news Technology services giant CSC this morning revealed it had signed an extensive agreement to provide cloud computing services (Infrastructure as a Service) to charity the Fred Hollows Foundation.
The Fred Hollows Foundation (FHF) was set up in the 1992, just before the death of philanthropist and opthamologist Fred Hollows. Hollows was committed to improving the health of Indigenous Australians and to reducing the cost of eye health care and treatment in developing countries. The Foundation now continues to work in Australia, as well as throughout Africa and Asia. Its aim is to end avoidable blindness, as well as improving indigenous health in general.
In a statement released this morning, CSC said it had signed an extensive IaaS-based contract with the Foundation which would bring together FHF offices around the world onto a common communications technology platform.
CSC will provide FHF with cloud computing services using CSC’s BizCloud Virtual Private Enterprise (VPE) platform, according to the vendor. Contracted services will include application migration and on-boarding services as well as security migration, installation and support.
FHF, supported by tens of thousands of Australians, considers the privacy of its donors to be of paramount importance. Moving some applications to CSC’s BizCloud VPE will help to secure FHF’s private information.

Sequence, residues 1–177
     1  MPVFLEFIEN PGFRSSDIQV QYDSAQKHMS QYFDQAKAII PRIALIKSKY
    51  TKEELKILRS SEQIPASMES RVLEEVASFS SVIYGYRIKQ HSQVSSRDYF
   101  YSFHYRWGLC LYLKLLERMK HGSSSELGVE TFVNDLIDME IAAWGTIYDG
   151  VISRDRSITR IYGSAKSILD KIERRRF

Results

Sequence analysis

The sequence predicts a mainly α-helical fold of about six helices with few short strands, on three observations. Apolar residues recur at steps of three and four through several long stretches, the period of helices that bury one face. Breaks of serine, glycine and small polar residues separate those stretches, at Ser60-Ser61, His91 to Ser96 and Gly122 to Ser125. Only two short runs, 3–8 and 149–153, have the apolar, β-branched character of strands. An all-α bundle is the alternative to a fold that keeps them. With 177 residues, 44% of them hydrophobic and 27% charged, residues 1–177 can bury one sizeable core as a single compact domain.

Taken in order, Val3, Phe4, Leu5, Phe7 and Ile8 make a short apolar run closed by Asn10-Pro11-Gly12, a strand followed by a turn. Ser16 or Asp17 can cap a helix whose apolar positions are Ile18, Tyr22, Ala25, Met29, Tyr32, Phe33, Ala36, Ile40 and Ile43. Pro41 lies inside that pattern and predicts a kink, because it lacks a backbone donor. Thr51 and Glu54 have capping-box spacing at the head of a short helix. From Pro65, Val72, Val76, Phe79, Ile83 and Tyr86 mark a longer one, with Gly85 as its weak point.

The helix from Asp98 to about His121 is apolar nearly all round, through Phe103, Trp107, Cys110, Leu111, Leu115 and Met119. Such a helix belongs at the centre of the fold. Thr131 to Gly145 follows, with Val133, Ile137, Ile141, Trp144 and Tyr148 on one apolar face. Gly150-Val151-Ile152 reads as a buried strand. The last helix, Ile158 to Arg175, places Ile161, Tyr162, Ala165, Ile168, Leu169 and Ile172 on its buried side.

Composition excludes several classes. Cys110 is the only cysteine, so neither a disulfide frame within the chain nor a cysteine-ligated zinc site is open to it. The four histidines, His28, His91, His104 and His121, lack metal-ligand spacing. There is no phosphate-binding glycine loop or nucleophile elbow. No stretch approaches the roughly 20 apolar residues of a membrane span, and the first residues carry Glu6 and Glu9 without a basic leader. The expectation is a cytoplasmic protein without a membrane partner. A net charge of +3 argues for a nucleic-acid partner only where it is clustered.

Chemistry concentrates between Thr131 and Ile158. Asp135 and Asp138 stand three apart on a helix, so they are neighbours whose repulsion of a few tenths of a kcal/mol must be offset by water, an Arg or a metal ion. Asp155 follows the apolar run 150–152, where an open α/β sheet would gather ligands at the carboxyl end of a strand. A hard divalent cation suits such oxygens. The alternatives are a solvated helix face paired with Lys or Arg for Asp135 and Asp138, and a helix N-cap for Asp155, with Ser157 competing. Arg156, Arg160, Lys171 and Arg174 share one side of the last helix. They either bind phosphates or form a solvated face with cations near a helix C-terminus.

Commenting on the contract award, Ram Neupane, director of business operations for the Fred Hollows Foundation, said: “Our decision was based upon CSC’s ability to provide end-to-end services, including enabling, migrating and managing our existing applications. Most importantly, FHF offices around the world will benefit from CSC’s global cloud footprint, including regional data centres and service desk operations.”
“The Fred Hollows Foundation was clear about how they believed information technology services could better support their business activities in Asia, Africa and Australia. The agility and low risk of CSC’s cloud solution, the potential benefits of our credentials in cybersecurity and healthcare, and our global reach appealed to FHF,” said Paul Gibbs, CSC’s director of cloud computing for the Australia and Asia regions.
The news comes as the adoption of the new class of cloud computing technologies continues to grow in Australia. In the area of IaaS, for example, major players such as Amazon Web Services have continued to see rapid adoption of their platforms by typically conservative industries such as the financial services sector, while State Government are also rapidly adopting cloud computing platforms.
For example, last week, the New South Wales State Government went to market for storage as a service capabilities to replace its existing in-house storage solutions, in a move that will add to the rapid ramp-up of the state’s adoption of cloud computing services. And the week before, the Queensland State Government went to market to set up a whole of government cloud computing panel which would allow its many departments and agencies to purchase IT infrastructure services in this category from a set list of suppliers.
The use of Softrware as a Service applications is also ramping up. Last week, respected analyst house Telsyte published results from an extensive survey showing that in certain categories the deployment model was now “mainstream”.
Image credit: Michael Amendolia. From Fred Hollows Foundation web site